This is beautiful! Strong! Admirable!

Jesus is even better than the Marvel movie Super-Hero Black Panther, who dearly loves His nation Wakanda!

And the woman marvels at such singlemindedness, such devotion to one’s mission… to one’s people…

And she is no doubt attracted to such love – a love for one’s own that does not necessarily equal a lack of love, or an “unlove” for the “other”.

And so, she, as one commentator puts it, is the only person we know of who could “beat Jesus in a debate”!

She beats Jesus in a debate – and so He praises her to High Heaven!


How could she have known what was deep inside the heart of Christ?

She, was, after all, one of those awful Canaanites!

Well, speculating can be dangerous, but in this case I am going to suggest it can be done quite responsibly.

In Matthew 8, after all, following the Roman centurion’s giving us another example of amazing Gentile faith, Jesus says:

“….I say to you that many will come from the east and the west, and will take their places at the feast with Abraham, Isaac and Jacob in the kingdom of heaven. But the subjects of the kingdom will be thrown outside, into the darkness, where there will be weeping and gnashing of teeth.”

And just two chapters before in Matthew 12:19-21, Jesus tells us of the salvation He is bringing to the Gentiles:

[God’s servant] will not quarrel or cry out;
no one will hear his voice in the streets.
20 A bruised reed he will not break,
and a smoldering wick he will not snuff out,
till he has brought justice through to victory.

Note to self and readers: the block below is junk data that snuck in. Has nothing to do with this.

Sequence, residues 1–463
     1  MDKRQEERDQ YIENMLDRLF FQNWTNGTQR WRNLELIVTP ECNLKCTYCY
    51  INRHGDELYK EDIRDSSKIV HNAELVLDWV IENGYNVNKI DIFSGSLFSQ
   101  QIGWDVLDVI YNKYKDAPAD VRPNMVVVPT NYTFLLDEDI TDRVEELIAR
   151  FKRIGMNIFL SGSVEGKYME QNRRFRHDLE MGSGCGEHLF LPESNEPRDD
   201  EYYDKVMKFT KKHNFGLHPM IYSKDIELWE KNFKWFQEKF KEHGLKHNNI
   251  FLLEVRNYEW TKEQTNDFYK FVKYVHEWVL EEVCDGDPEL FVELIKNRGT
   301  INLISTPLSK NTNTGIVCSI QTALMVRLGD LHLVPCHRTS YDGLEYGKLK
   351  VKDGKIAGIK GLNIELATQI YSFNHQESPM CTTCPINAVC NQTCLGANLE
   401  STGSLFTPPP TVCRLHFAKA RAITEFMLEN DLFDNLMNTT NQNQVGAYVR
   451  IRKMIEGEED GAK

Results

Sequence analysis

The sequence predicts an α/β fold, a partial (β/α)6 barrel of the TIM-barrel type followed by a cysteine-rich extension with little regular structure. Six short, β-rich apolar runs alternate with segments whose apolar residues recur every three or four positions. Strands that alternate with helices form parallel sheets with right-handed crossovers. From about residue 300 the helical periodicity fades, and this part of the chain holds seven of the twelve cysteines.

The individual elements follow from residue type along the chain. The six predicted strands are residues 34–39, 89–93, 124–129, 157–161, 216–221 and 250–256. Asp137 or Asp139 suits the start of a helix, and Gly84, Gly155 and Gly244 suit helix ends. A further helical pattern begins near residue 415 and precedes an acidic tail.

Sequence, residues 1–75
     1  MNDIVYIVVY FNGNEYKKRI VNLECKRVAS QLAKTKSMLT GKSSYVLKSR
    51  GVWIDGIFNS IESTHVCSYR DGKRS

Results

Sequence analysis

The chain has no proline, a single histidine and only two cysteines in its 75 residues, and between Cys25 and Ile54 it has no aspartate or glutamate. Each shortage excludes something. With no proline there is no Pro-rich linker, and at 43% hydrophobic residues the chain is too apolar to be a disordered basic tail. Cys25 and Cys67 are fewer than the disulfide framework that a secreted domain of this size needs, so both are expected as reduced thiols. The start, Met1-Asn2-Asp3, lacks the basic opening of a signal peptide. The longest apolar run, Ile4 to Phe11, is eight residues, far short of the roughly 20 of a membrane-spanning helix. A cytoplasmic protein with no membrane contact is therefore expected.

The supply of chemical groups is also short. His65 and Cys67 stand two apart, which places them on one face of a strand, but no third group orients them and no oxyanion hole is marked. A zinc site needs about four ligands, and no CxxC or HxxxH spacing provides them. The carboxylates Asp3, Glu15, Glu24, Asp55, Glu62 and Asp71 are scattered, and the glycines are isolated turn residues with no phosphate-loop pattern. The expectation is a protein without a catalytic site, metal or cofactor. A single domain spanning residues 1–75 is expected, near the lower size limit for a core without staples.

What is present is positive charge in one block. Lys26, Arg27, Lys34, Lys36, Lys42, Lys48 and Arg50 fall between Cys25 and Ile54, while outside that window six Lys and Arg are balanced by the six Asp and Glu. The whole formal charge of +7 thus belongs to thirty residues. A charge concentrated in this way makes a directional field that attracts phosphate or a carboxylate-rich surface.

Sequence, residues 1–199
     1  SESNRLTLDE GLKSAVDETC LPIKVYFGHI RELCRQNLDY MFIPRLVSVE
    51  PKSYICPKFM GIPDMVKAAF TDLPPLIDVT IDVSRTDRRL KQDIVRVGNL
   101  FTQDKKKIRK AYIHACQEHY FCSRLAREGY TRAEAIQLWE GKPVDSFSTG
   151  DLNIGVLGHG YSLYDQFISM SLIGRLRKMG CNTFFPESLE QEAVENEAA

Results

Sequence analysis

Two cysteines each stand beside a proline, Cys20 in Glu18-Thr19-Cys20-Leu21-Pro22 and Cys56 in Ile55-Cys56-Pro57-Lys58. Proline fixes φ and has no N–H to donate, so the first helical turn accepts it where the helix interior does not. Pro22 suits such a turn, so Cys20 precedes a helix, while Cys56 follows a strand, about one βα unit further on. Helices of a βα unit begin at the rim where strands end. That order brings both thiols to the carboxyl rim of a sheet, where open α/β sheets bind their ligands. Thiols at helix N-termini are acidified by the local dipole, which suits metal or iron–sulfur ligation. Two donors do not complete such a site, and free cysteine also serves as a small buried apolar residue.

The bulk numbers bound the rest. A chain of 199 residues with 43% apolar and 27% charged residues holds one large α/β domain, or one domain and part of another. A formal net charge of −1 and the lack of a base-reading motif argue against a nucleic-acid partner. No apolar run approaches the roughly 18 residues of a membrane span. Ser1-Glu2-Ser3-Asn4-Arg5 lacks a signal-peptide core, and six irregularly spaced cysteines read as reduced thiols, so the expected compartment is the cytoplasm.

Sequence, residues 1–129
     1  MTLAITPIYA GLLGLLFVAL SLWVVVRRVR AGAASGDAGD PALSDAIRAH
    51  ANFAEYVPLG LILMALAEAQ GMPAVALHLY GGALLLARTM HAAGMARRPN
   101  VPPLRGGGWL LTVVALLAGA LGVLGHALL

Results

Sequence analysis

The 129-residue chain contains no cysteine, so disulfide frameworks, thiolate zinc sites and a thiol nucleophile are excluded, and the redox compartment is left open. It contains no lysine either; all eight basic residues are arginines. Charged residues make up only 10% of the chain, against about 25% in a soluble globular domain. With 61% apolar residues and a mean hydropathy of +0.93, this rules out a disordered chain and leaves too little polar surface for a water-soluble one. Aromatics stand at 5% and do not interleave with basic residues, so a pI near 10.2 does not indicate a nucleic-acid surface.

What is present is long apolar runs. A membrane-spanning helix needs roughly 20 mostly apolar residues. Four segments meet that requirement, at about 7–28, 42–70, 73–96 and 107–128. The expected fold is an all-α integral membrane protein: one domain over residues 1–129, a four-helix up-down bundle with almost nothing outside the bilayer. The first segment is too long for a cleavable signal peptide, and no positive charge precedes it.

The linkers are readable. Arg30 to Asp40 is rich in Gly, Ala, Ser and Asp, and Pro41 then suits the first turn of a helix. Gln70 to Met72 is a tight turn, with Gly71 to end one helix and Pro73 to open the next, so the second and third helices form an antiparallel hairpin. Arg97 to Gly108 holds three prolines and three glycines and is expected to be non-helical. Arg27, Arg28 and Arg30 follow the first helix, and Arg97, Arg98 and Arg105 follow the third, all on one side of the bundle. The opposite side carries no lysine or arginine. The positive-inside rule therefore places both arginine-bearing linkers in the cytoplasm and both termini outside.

21     In his name the nations[, that is the Gentiles,] will put their hope.

Maybe the news had spread! Or maybe – just maybe – she was aware of the book of Isaiah Jesus was in the process of fulfilling and believed that?

Whatever the case, however it happened, this is basically the opposite of His disciple’s faith, which Jesus had earlier called “little”…

The woman’s brilliant faith absolutely amazes Jesus….[vii] …and the story makes it into the Bible. : )

How does she do it? The late 5th/early 6th century commentator Epiphanus the Latin says: “The woman agreed, saying to the Savior, ‘Yes, Lord.’ That is to say, I know Lord, that the Gentile people are dogs in worshipping idols and barking at God…”

Another excellent modern commentator (Schaeffer) sums up things by saying her faith is a

“…happy combination of all the essential features of true faith,” including “clear views on Christ’s character, or a certain amount of religious knowledge (respecting His power, grace, etc.), entire, unquestioning and humble submission to the Lord’s will (thankful even for crumbs),” and a confident reliance in the face of discouragement as well” (373, italics his).

But, but, but….

He was saying she was dog!

Yet she did not hear “Go away.”

And she did not just hear, like she might have heard from us: “Just wait, I want to get to you…”

She heard: “Wait, I will get to you!”[viii]

…and she thought she’d try her hand at a little bit more!

Isn’t this Jesus Christ after all?[ix]